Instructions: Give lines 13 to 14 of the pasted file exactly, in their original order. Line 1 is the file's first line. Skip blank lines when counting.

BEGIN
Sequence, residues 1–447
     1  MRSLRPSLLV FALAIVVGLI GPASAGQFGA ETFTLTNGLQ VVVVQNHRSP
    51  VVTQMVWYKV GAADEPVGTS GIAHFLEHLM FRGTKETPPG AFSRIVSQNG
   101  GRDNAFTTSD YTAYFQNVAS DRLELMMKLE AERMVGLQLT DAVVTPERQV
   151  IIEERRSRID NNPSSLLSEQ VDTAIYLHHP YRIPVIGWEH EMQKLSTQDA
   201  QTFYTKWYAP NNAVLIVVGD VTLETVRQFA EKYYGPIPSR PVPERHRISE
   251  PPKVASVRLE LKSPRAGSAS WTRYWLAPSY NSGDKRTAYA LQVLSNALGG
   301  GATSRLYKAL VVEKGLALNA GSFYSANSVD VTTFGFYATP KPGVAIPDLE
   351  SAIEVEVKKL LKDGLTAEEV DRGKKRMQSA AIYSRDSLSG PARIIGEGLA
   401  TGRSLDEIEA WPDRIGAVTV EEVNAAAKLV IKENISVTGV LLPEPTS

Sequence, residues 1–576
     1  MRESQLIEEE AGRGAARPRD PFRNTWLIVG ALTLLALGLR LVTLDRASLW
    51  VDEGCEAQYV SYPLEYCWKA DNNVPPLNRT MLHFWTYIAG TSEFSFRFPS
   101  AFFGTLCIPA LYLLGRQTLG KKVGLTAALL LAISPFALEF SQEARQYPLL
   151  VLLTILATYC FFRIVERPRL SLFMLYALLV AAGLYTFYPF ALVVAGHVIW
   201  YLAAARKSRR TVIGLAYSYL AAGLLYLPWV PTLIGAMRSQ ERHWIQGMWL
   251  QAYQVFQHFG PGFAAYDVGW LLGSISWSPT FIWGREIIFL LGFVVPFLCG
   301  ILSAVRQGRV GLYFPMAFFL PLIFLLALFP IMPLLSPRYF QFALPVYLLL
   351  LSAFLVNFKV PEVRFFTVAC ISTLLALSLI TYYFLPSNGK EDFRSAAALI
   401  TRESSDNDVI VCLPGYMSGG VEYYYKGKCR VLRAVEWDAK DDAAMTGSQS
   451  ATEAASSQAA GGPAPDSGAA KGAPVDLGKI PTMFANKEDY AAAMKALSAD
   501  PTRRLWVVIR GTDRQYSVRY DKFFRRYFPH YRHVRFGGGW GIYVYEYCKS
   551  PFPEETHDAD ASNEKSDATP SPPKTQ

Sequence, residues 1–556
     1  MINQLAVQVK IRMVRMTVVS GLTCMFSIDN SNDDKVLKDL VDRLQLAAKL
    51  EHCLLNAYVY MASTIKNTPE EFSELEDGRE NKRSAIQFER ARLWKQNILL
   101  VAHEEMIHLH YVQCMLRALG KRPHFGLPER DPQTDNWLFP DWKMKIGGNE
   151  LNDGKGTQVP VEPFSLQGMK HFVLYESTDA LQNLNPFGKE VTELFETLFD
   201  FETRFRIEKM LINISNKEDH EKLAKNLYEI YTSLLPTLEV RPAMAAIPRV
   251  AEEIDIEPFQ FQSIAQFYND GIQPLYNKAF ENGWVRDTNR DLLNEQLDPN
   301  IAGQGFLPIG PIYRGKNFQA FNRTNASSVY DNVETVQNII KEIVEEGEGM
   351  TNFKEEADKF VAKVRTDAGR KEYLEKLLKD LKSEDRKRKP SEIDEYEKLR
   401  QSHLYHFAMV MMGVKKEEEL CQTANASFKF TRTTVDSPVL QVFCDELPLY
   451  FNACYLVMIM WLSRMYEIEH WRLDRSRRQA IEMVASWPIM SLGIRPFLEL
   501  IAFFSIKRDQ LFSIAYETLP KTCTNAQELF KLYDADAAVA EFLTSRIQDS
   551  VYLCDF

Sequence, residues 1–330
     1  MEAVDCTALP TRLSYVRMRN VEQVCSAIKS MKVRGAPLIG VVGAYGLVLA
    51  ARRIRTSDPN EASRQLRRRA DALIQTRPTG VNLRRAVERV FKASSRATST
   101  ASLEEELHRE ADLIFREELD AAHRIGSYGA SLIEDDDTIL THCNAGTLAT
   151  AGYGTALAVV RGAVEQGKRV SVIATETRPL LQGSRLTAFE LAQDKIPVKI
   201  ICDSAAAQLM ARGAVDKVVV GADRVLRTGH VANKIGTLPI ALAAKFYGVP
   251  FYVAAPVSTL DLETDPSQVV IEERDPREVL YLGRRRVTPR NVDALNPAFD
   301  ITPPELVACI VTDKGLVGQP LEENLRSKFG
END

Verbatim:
    51  VDEGCEAQYV SYPLEYCWKA DNNVPPLNRT MLHFWTYIAG TSEFSFRFPS
   101  AFFGTLCIPA LYLLGRQTLG KKVGLTAALL LAISPFALEF SQEARQYPLL